6 Models To Nurture Community Leaders

Once the community hits the maturity phase of the community lifecycle, it needs people to help lead sub-groups. Without them, you get trapped with a small group of members driving all the activity.

To nurture leaders you need to resolve the tension between their need for competence, autonomy, and relatedness against your own need to have enough control to ensure they don’t tarnish your community.

The most common mistake is to enable everyone to create groups. This leads to a lot of dead groups littering the community. There are better models out there:

 

Model 1: ‘Anything Goes’

This is the Eve Online/CCP Games model. Anyone can create a corporation in the game, build out their own communication channels (Discord, Slack etc…), and run their fiefdoms as they please. The game’s creators, CCP Games, let natural selection work its magic.

The upside is leaders get full autonomy and dead groups don’t appear in any single list. The downside is CCP Games has very little control. Most discussions happen outside of the game. Leaders can (and sometimes have) tarnished the brand in a channel the game’s developers can’t control.

 

Model 2: Enable Anyone To Create Groups On Site

This is the most common model, best encapsulated by Reddit. Reddit provides a popular platform which attracts people to create subreddits (groups). Reddit exercises the fewest possible restrictions on the site. Anyone with a 50+ Reddit score can create a group. These subreddit leaders are largely left to build their subreddits as they please. Multiple subreddits can be created for the same topic.

This provides leaders with a large degree of autonomy but can lead to a lot of dead groups, protests when Reddit tries to enforce reasonable restrictions, and a confusing experience for visitors confused about the wide variety of site naming rules.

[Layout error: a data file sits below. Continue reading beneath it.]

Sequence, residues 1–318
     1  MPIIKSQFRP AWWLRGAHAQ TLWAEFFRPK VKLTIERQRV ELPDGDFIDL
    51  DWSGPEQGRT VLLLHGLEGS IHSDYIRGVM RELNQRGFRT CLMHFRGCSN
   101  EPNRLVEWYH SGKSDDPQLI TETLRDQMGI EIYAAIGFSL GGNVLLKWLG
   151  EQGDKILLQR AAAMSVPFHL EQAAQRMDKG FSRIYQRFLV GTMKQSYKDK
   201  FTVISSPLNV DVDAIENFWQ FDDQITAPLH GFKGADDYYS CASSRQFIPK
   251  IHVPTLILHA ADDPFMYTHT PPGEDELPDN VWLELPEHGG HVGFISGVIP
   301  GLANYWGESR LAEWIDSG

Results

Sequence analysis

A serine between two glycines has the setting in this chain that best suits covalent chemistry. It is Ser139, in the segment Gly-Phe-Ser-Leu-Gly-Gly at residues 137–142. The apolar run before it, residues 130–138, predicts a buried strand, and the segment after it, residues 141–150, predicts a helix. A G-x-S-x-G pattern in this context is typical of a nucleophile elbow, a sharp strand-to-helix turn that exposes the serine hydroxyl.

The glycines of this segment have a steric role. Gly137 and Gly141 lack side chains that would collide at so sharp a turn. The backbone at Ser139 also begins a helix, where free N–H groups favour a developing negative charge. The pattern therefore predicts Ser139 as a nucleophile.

This works if you have a very popular platform to begin with, a culture where people do expect to join multiple groups, and people hear about the groups outside of the community (i.e. people don’t browse for the right groups to join).

 

Model 3: Back The Proven Winners

This is most recently the Facebook model. Anyone can (and does) create a group, but Facebook will invite the leaders of the best groups into private circles, provide training, and offer scholarships to the best of the best.

This supports the people who have proved they can succeed. Leaders have a huge degree of autonomy. But it might miss great leaders in less mainstream topics and doesn’t resolve the problem of dead groups. It does provide Facebook with considerable influence over their leaders.

Most importantly, it concentrates support in the areas where it is likely to have the biggest possible impact.

 

Model 4: Pick Great Potential Leaders

This is the Wikimedia Foundation model. Anyone can come up with a project and apply to Wikimedia for support. If the project matches Wikimedia’s goals, it gets financial backing to cover expenses (e.g event venues for edit-a-thons).

The upside is this provides WMF with influence and direction over their leaders. Leaders can thrive without them, but WMF grants guide contributions to the areas with the biggest impact. Leaders also retain a great degree of autonomy (they build their own sub-groups off-site). The downside is it can waste resources if leaders fail.

This is the easiest model to follow. Any brand can give support (promotion, technical, financial, expertise) to people who apply for it. But you need a very popular community to make it work.